Assets of the nation's money market mutual funds climbed over the $100 billion mark yesterday amid mounting cries from the banking and thrift industries that the government take action to curb them.

Gains of $3.2 billion registered in the past week by the 103 funds pushed their total to $101.2 billion. It was the 10th consecutive weekly increase. At the ends of 1978, money funds totaled $10 billion.

Since the beginning of the year, investors attracted by the funds' high yields, liquidity and check-writing features have increased their assets by more than a third. For the week ended March 4, the average yield was 15.7 percent, far surpassing the 5 1/2 percent passbook rate of savings institutions and topping the six-months certificate rate.

David Silver, president of the Investment Company Institute, the trade organization from mutual funds, called the fund performance " a clear signal from investors that money market funds are what they want -- the highest available yields at minimum risk."

Banks and thrifts hold $400 billion in money market certificates, yet they fear competition by the mutual funds. At separate news conferences yesterday, the U.S. League of Savings Associations and the American Bankers Association called on Congress to curtail money market funds. League President Rollin D. Barnard urged that the funds be required to invest a substantial part of their assests in short-term U.S. Treasury securities as a means of reducing federal borrowing and interest rates.

He also recmmended that the same interest rate ceilings that now apply to money market certificates, issued by banks and thrifts, be extended to money market funds and that reserve requirements be imposed on the funds. These measures would have the effect of lowering the funds' yields and thus their advantage over depository institutions.

"The funds have become an engine of inflation," said Barnard. "At the same time, they have been draining capital from communities across the country and funneling it into the largest money center banks and overseas. That hurts small business, home builders, home buyers, auto dealers and all but the largest financial institutions. They contribute nothing to capital creation."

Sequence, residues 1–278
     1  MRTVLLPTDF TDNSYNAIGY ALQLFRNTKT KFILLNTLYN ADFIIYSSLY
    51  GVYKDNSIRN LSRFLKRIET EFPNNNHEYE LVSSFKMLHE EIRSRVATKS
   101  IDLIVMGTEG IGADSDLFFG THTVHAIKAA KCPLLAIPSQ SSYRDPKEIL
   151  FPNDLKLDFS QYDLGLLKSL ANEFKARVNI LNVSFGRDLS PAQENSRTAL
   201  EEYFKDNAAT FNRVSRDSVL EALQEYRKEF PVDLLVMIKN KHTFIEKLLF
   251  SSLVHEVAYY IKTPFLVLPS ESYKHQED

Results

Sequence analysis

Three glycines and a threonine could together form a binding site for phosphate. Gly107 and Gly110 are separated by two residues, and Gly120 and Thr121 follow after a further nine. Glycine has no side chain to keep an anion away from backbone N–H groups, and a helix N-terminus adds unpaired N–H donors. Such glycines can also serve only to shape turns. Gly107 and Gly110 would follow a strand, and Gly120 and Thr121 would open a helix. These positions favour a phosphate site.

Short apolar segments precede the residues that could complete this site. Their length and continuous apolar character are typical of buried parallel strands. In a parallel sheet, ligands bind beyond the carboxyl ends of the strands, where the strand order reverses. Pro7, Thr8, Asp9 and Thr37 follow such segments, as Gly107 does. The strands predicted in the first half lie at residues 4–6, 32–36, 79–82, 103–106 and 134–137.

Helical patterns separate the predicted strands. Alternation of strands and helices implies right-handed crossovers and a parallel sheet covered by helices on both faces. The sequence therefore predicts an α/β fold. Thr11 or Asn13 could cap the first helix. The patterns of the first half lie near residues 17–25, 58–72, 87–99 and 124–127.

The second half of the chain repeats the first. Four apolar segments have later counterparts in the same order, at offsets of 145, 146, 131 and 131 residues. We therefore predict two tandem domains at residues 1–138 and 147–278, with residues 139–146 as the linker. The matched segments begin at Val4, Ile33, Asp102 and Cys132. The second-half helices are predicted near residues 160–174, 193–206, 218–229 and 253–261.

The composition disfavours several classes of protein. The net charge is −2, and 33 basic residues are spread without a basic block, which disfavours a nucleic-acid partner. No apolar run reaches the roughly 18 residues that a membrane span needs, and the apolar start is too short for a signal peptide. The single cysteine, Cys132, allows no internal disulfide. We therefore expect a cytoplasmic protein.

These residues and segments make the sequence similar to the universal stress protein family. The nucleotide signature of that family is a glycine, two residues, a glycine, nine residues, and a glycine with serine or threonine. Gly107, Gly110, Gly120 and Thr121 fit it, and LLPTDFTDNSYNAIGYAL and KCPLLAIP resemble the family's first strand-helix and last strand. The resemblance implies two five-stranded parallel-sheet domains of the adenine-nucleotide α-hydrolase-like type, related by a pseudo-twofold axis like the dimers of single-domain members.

A substantial number of savings and loans are now operating in the red. The high cost of interest they must pay for funds exceeds the yield on their loan portfolios. Moreover, new deposits have reached a historic low, and in some sectors of the thrift industry there are more funds going out than coming in.

Rep. Jim Leach (R-Iowa) warned recently, "If we alllow the continued spectacular growth of these (money market mutual) funds, in all probability it will drive the death nail into the coffin of the savings and loan institutions."

The Investment Company Institute denies that its members are killing S&Ls. Spokesman Reginald Green pointed out that only 10 percent of the $100 billion in assets is in accounts of $10,000 or less. Were money market fund yields limited, just those small investors would be expected would place their money elsewhere.

The American Bankers Association, which once fought hard against allowing savings and loans to offer checking accounts, also supports the idea of reserve requirements on checking-type accounts offered by money market funds. But, unlike the thrifts, the bankers have adopted an attitude of "if you can't beat'em, join'em."

Their trade organization has asked federal financial regulators to authorize a new deposit instrument that will allow them to compete head to head with the money market funds. This certificate would provide higher yields that currently offered by banks and allow savors to redeem it before maturity without penalty.

Financial regulators will take up the proposal at their next meeting on March 26. Next month Sen. Jake Garn (R-Utah), chairman of the influential Banking Committee, will hold hearings on possible reins on money market funds. Garn has labeled their competition "unfair."